Remember home economics class? This is a great time to learn and be responsible for household chores. Spring cleaning this year can get serious! Also, cook together. There’s a lot of math in recipes. Knowing how to cook is a great life skill, not to mention a wonderful time to bond as a family. Grow a vegetable garden. Learning how to grow plants and food also means learning about science and biology. Hands-on projects like these at home can be as beneficial of a learning tool as what they bring home in their curriculum. 

6)      Be gentle. Be transparent. Be forgiving.

This is a stressful time for all ages. Don’t make it worse by stressing out about school. Be gentle. Have grace with your kids and with yourself. Let your kids know you’re learning as this happens too and that you support them. If you feel frustration begin to take over, walk away. There is no need to create time pressure right now. Later is okay. 

Now some resources by age range:

Resources for Elementary School Parents

Prodigy is a game-based math platform for students between first and eighth grade. Cost: Free to play. Premium membership offers more features and starts at $5 per month.

Outschool offers small group video-chat courses presented by teachers and designed for kids ages 3 to 18. Cost: Varies. Some classes are just $5.

Scholastic Book Lists will inspire new selections for your young readers. Its site also offers daily activities and lessons based around one of its books. Cost: Free

DON’T FORGET: Leave ample time for play. Free play is a great way elementary age kids learn. 

Resources for Middle School Parents

Khan Academy provides practice exercises, quizzes, and videos on a wide range of subjects including math, science, humanities, and economics. You can even download their daily schedules and curricula. Cost: Free

Schmoop offers study guides in a variety of subjects, including mythology, civics, film, history, science, and literature. Cost: Study guides are free, but extra features like test prep come with a price.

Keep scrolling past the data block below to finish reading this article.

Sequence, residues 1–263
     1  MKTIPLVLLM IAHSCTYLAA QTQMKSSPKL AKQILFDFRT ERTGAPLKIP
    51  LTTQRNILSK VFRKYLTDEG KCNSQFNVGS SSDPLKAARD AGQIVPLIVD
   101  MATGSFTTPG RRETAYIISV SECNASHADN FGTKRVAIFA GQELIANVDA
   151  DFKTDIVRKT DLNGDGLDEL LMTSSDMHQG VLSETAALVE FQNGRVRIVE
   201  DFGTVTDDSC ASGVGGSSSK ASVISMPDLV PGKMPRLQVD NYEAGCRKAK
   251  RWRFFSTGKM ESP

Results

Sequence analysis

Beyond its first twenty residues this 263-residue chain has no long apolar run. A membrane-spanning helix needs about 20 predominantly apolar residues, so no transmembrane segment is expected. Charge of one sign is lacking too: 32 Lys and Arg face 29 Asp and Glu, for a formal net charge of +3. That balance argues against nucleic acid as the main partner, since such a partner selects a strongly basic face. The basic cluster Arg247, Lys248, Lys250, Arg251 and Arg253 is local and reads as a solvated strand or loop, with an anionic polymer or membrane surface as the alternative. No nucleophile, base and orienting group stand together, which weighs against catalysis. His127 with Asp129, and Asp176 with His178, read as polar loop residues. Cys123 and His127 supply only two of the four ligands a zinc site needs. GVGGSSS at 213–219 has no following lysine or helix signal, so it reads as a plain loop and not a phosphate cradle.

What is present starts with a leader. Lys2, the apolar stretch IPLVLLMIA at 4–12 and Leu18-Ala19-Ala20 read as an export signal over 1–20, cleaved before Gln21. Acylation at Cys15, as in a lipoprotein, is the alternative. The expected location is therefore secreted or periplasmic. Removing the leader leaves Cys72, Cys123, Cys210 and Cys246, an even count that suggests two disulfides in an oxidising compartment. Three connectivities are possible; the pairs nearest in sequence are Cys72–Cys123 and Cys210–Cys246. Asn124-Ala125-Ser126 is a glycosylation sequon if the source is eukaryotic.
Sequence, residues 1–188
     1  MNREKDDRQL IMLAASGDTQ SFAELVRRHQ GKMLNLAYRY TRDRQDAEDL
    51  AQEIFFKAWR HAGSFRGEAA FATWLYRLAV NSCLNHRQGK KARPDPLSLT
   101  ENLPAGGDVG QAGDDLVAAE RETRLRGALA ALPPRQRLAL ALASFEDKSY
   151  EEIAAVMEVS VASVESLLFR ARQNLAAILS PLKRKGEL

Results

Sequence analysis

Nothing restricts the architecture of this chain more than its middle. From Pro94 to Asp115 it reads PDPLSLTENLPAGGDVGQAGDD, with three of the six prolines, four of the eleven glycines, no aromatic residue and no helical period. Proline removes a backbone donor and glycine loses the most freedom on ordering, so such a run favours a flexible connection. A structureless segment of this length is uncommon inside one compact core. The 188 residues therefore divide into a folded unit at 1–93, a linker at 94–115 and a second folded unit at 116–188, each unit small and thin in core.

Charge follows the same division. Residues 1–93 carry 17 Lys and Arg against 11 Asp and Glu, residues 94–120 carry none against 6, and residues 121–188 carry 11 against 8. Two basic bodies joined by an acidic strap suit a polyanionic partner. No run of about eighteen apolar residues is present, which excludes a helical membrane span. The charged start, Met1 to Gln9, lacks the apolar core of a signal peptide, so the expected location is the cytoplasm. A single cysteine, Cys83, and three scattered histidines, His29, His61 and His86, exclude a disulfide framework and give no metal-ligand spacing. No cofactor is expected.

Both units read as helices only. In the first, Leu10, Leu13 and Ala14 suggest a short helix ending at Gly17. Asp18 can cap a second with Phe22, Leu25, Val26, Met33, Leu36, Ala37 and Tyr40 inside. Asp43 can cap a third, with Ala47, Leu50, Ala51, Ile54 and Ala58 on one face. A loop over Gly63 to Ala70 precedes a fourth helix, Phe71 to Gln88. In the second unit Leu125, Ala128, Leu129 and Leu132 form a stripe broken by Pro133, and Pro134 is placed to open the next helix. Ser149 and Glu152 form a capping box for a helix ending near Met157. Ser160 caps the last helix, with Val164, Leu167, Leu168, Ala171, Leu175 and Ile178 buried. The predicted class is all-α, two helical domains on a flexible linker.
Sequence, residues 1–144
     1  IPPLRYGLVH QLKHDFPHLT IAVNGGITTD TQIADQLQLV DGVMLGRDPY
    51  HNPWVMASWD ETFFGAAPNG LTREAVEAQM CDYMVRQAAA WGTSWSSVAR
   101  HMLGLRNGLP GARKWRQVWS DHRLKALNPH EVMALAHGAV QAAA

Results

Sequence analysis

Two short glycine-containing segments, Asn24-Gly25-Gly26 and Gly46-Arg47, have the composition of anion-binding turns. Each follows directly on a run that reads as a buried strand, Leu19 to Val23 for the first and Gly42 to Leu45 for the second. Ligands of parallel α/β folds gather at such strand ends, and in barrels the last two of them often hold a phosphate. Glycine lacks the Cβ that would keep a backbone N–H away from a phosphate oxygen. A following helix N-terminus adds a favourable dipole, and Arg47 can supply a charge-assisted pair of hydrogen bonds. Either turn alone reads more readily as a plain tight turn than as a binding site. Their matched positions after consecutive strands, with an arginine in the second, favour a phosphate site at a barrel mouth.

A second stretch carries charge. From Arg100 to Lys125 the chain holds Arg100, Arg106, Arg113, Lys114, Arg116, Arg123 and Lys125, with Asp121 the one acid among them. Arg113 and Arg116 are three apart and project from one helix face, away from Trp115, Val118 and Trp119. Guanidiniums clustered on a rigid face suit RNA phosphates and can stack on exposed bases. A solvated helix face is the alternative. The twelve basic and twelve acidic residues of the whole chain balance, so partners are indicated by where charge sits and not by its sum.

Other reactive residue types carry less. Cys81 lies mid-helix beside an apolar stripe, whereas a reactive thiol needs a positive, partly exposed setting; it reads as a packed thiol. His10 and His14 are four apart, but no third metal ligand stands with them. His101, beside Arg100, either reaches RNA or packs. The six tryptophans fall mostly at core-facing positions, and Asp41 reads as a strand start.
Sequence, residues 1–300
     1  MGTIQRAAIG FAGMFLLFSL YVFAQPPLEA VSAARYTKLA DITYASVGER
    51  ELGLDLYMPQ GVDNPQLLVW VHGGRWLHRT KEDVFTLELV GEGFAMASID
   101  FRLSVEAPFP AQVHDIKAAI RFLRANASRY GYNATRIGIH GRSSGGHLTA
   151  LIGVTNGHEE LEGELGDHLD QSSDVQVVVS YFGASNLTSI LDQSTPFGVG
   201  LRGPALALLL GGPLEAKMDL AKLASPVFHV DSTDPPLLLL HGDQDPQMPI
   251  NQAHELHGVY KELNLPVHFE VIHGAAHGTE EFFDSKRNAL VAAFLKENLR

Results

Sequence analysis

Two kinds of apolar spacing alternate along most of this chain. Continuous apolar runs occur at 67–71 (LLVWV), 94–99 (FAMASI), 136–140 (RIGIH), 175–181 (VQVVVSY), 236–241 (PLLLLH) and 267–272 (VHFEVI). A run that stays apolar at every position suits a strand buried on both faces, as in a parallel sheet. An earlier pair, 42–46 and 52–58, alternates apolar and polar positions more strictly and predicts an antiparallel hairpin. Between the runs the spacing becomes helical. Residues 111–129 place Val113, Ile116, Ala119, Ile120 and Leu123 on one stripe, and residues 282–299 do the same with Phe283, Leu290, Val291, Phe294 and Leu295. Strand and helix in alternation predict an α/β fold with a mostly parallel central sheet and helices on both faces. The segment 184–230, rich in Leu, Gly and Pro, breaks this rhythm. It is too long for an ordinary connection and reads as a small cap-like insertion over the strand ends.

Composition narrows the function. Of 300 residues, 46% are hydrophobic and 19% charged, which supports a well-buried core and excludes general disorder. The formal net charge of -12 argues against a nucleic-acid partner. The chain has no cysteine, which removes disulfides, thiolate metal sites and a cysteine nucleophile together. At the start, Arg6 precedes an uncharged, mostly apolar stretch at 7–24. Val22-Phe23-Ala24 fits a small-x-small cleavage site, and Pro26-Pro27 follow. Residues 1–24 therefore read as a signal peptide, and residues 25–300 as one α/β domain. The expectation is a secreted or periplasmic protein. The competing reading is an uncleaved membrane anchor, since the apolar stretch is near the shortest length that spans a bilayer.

Math is Fun includes puzzles, games, and worksheets to help with math concepts. Cost: Free

DON’T FORGET: Kids in middle school need to keep in touch with friends. Parents can help by using FaceTime or even Zoom’s video conferencing tool so kids can see each other. 

Resources for High School Parents

LibriVox is a library of audiobooks recorded by volunteers in a variety of languages, from English to German to Portuguese. Cost: Free

HippoCampus offers 17,000 educational videos in 13 different subject areas geared at students in middle school, high school, and college. Cost: Free

Albert is an online study tool offering test preparation, English Language Arts, math, social studies, and science programs. Cost: $19–$79 per subject.

DON’T FORGET: Because teenagers are old enough to understand the gravity of the current situation, they’re likely feeling significant anxiety and distress, just as many adults are. Create space for those emotions and allow your kids to grieve the loss of activities they were looking forward to, like graduation parties, prom, or travel. 

Lastly, make room for family time. Enjoy meals, games, projects, and movies together. Head outside and take nature walks as a family. This is a time to refocus on the people we love.

No matter what learning at home looks like for your child, remember that what works best for your family is what matters most.